Belgrade NGOs urge continued EU pressure on Serbia for cooperation with war crimes tribunal

Yesterday four Serbian  human rights organizations sent a letter to all 27 heads of government in the European Union to express deep concern at recent signals of retreat from insistence on Serbia’s concrete cooperation with the International Criminal Tribunal for the former Yugoslavia (ICTY) as a pre-condition to resuming talks on a Stabilization and Association Agreement (SAA).  The European Commission suspended those talks in May 2006 over Serbia’s failure to cooperate with the ICTY, specifically citing the failure to arrest former Bosnian Serb Army Commander Ratko Mladic.

In February the International Court of Justice (ICJ) found Serbia guilty of failure to prevent genocide in Srebrenica and in standing violation of its legal obligation to punish the perpetrators.  Following this ruling, an EU retreat from full support of the ICTY would be particularly damaging. Contrary to the hopes of the German EU Presidency that the ICJ ruling could “help to close a painful chapter of history in the region”, the Serbian government celebrated the decision, and continues to refuse to arrest war crimes fugitives implicated in the genocide, including Mladic.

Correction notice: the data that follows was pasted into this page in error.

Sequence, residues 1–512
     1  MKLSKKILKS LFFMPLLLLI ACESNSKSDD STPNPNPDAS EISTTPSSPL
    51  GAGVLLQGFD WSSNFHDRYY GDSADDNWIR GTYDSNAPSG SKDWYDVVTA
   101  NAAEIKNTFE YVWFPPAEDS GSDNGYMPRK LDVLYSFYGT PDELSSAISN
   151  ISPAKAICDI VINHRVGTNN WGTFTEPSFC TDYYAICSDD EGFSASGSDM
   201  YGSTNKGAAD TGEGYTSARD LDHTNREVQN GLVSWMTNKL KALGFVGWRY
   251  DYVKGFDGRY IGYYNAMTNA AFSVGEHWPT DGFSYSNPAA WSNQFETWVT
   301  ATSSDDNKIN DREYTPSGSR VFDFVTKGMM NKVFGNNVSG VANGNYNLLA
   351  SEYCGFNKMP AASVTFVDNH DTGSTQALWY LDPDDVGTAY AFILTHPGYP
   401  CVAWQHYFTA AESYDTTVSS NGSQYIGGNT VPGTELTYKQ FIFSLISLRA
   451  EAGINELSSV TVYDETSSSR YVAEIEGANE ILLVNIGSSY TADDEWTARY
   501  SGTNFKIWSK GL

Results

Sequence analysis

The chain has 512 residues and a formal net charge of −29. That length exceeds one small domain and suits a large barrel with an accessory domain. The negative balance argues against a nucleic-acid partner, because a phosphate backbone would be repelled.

The letter to the EU heads of government argued that Brussels should reject the temptation to barter away core principles in talks on Kosovo’s final status. Doing so would strengthen extreme nationalists, hinder reformers’ attempts to distance their country from the legacy of the Milosevic regime, and impede the development of a democratic Serbia deserving of EU membership.

The letter was signed by the Humanitarian Law Center, Youth Initiative for Human Rights, Women in Black, and the Civic Initiative.